As a result, Harris established Christian Mission to the Communist World. CMCW had humble beginnings, being run from a hut in the grounds of Elmstead Baptist Church, near Bromley, a large town in Greater London. However, the work quickly grew and new offices were found.
A newsletter, called Jesus to the Communist World, was published before the end of the year. It stated, “Through the ministry of Pastor and Mrs Wurmbrand, it has been clear that the growth of this specialized ministry to the Communist World is of such timely and significant interest, that it calls for the formation of a Mission entirely dedicated for this purpose.
“The Church and Nation appear often to be unaware of the menace of atheistic Communism, and the Mission to the Communist World provides the ways, and is a channel for increasing help to those who suffer under Communism, especially the friends and relatives of Christian martyrs. The Mission also provides literature to spread the gospel among the Communists and to encourage believers to love the Communists, as we are commanded to love all men.”
Through the 1970s and 1980s the focus of work was Communist Eastern Europe but the magazine, known as Voice of the Martyrs from 1972, also featured stories of persecution further afield, such as in China and parts of Africa.
During this period the stated aims of CMCW were:
- To provide help to persecuted believers and the friends and relatives of Christian martyrs;
- Winning of Communists to Christ;
- The exposure of the polices and methods of atheistic Communism;
- The arousing of Christian churches throughout the world to action in gospel witness to the Communist world.
The 1990s was a decade of massive change, beginning, as it did, with the fall of Communist regimes in Eastern Europe. The world was also becoming more aware of Islamist fundamentalism.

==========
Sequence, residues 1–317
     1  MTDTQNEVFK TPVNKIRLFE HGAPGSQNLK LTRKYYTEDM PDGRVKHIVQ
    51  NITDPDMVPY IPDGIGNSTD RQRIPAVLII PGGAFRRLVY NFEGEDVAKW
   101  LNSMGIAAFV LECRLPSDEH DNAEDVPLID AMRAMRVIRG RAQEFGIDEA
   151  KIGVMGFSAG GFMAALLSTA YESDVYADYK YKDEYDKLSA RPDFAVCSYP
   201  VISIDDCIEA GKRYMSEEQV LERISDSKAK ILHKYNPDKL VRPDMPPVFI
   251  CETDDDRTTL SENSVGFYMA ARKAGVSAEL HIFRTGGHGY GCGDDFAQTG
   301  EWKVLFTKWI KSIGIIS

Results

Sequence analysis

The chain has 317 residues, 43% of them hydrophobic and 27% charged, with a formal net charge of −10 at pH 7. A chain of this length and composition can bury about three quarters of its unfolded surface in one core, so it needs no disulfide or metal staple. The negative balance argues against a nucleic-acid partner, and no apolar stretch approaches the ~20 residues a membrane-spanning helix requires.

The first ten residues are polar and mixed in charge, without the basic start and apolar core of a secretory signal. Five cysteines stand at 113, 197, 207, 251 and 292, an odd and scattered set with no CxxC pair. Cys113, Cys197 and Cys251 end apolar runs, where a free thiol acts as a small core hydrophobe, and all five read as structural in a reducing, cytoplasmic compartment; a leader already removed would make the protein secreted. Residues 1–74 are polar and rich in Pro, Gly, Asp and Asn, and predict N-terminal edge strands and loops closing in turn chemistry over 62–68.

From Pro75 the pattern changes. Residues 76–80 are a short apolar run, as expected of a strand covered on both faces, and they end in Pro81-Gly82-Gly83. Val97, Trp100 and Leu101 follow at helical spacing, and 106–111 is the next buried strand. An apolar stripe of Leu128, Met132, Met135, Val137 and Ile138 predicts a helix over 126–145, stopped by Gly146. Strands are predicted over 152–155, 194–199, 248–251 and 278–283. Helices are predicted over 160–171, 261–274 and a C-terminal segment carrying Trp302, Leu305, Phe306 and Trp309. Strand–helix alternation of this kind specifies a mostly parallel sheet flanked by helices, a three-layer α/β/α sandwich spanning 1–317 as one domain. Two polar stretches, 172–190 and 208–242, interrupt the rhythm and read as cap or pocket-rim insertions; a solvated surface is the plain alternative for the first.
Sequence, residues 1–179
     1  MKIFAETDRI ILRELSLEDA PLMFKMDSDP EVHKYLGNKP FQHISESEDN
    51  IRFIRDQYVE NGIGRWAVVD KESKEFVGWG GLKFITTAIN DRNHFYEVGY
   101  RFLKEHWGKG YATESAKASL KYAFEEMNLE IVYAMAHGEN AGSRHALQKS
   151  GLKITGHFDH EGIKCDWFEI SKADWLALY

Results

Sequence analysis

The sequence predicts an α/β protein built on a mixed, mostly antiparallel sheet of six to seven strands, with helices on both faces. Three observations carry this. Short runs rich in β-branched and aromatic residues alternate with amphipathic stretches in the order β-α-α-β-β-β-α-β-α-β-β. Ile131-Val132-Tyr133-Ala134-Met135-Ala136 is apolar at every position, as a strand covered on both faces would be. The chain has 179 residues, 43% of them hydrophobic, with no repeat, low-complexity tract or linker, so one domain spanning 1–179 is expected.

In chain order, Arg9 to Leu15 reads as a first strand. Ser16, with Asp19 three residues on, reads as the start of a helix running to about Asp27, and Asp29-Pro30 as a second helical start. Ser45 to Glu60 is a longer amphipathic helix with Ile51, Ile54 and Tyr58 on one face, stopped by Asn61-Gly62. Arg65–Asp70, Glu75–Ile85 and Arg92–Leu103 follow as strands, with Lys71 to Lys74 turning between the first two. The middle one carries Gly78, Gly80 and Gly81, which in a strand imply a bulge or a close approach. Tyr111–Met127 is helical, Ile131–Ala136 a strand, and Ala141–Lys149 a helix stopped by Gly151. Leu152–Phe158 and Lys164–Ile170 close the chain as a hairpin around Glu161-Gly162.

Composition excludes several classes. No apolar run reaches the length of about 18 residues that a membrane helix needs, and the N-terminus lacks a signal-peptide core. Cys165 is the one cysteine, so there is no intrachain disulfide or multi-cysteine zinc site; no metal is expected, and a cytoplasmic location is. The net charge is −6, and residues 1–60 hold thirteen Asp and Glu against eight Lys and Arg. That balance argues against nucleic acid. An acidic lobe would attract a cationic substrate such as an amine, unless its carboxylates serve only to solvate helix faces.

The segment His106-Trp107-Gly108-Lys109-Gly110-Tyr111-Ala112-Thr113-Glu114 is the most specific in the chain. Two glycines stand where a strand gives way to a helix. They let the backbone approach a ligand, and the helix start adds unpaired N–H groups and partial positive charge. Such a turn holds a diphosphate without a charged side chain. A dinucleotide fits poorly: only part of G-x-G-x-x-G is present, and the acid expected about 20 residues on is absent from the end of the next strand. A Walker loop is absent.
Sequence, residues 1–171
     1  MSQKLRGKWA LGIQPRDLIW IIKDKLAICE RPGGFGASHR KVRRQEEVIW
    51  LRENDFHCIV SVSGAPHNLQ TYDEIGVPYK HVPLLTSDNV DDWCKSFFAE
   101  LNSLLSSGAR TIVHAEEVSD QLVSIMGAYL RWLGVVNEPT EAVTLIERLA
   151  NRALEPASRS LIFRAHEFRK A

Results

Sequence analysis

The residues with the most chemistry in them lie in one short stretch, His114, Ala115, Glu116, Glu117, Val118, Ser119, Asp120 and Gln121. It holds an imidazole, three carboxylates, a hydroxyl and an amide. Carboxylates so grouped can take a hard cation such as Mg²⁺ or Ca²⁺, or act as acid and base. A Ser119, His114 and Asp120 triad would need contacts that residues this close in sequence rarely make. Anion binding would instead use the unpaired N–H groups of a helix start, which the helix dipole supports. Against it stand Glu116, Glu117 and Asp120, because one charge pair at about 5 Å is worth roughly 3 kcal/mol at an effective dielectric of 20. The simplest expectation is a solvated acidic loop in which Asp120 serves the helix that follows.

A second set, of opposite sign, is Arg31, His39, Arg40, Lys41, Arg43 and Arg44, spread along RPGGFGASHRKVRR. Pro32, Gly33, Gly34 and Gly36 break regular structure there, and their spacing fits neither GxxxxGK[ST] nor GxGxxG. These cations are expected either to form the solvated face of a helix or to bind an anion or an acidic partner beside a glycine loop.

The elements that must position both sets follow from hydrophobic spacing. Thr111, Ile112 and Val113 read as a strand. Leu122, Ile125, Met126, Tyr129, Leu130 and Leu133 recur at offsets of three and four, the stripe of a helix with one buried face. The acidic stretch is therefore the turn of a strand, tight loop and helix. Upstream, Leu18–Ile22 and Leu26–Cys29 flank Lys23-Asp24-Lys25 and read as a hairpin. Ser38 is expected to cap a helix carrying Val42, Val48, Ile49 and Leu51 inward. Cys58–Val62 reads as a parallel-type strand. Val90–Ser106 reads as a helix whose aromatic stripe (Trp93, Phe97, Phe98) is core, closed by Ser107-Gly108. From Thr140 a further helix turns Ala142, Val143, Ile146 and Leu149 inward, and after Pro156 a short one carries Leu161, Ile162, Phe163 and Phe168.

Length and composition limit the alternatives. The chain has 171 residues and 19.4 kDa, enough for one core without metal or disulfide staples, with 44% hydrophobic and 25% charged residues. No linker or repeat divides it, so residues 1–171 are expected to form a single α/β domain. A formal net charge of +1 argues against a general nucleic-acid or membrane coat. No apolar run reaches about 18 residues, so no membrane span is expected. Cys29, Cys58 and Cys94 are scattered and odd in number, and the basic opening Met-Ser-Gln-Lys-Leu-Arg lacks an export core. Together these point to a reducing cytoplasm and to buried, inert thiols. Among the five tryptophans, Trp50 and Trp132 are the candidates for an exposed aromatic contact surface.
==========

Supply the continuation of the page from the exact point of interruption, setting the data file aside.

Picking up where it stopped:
In the light of this it was announced, in 1994, that Christian Mission to the Communist World was being renamed Release International. The regular newsletter was given the new title of ‘Release in Action’. By the end of the decade Hindu nationalism was beginning to be a threat to Christians in India. A similar phenomenon of Buddhist nationalism would follow in Sri Lanka. As a new millennium dawned, opportunities to support persecuted Christians began to open up in different countries.
Sabina Wurmbrand died in August 2000. The following February Richard Wurmbrand died. Their later years had been spent in California. Stuart Harris died in October 2001.
Over the past two decades Release International has continued to love and serve persecuted Christians around the world and is now active in around 30 countries, working through Christian partners on the ground to strengthen and encourage those who suffer for Christ, providing both material and spiritual support. In 2018 Release International celebrated 50 years of serving the persecuted church. The contexts and the needs may have changed since 1968 – but the faith and motivation hasn’t. Still the ministry seeks to help persecuted believers and the families of martyrs and prisoners, and to further the Christian gospel.
This is the first logo of Release International
This is the current logo of Release International